The Greek Slave
Hiram S. Powers
On View: American Art Galleries, 5th Floor, Nations Divided, 1860–1910
Hiram Powers conceived the first version of this sculpture (completed 1841–47) out of sympathy for the Greek women enslaved during their war of independence with the Turks (1821–30). However, his subsequent versions (including this last of six) took on new meaning in the climate of the Civil War era. Viewers who saw the sculpture on public exhibition in the United States and Great Britain associated the figure with the violation of enslaved mulatto and black women in America.
Statue: 65 1/2 x 19 1/4 x 18 3/4 in. (166.4 x 48.9 x 47.6 cm)
Height of pedestal: 30 1/4 in. (76.8 cm) (show scale)
Incised along edge of base behind post: "H POWERS / [in script] Sculp"
Gift of Charles F. Bound
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Hiram S. Powers (American, 1805-1873). The Greek Slave, 1866. Marble, Statue: 65 1/2 x 19 1/4 x 18 3/4 in. (166.4 x 48.9 x 47.6 cm). Brooklyn Museum, Gift of Charles F. Bound, 55.14. Creative Commons-BY (Photo: Brooklyn Museum, 55.14_SL1.jpg)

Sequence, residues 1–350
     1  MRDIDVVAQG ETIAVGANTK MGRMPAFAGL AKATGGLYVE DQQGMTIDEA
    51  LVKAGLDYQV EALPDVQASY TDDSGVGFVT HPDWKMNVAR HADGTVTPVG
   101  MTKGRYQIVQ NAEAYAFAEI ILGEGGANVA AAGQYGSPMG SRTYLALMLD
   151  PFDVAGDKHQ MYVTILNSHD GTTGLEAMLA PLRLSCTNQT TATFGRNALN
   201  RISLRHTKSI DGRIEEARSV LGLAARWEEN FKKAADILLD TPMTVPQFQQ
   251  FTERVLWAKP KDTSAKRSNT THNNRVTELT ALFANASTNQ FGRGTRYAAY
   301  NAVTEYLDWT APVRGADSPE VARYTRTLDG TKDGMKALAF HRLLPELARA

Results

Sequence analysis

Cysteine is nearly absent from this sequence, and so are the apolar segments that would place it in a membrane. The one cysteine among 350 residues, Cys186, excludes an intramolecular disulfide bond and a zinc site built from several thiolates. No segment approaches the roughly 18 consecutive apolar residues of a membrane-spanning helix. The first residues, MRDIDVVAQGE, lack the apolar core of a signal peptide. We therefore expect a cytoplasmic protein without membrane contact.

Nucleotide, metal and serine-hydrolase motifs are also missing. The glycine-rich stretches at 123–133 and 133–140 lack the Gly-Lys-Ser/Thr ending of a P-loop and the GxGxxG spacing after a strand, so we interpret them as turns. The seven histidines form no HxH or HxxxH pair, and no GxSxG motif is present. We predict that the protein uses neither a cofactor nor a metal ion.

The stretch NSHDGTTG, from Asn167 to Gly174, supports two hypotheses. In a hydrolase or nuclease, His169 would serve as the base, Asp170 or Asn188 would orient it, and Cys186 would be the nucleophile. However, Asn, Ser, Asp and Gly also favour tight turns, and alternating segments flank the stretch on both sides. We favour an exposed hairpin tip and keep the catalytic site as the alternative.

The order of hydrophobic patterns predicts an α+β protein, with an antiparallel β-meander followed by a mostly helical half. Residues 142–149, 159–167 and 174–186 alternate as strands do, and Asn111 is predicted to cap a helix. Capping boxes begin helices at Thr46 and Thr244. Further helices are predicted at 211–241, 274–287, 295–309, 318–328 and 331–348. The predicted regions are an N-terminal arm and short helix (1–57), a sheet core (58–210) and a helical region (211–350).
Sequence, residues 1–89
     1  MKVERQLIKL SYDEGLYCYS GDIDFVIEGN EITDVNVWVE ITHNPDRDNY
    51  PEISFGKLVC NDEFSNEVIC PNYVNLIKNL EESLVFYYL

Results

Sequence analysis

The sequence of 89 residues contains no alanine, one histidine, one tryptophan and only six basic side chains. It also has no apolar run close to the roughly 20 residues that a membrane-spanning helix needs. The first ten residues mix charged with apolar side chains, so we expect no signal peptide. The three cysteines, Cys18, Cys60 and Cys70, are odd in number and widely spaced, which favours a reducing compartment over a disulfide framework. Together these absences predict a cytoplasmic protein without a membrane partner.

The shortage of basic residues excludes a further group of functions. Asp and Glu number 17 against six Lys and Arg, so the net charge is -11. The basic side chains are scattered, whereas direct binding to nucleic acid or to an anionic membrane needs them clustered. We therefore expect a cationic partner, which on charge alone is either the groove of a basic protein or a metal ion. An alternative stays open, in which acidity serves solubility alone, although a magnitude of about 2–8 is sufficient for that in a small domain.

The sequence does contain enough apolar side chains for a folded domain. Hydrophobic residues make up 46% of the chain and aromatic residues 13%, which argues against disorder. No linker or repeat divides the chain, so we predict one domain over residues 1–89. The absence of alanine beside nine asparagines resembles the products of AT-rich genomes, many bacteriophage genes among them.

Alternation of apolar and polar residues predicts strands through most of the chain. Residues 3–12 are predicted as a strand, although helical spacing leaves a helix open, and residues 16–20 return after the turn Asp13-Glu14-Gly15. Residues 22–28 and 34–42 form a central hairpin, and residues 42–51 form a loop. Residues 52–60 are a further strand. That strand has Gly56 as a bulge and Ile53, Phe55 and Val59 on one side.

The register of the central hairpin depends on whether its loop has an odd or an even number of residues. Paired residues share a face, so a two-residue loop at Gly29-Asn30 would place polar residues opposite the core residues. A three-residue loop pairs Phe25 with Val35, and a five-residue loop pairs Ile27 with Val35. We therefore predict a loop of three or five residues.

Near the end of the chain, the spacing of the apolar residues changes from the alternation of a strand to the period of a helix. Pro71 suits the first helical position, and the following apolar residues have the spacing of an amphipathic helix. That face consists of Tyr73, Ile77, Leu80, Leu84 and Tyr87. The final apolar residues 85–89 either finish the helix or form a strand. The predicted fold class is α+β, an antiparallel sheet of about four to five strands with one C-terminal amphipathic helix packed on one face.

installation, 55.14_SL1.jpg. Brooklyn Museum photograph
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Life-size figure of idealized nude female standing in contrapposto pose on round base; head turned to left and slightly downward; hands bound together with chains with proper left hand over genitalia and proper right hand leaning on post draped with patterned cloth.
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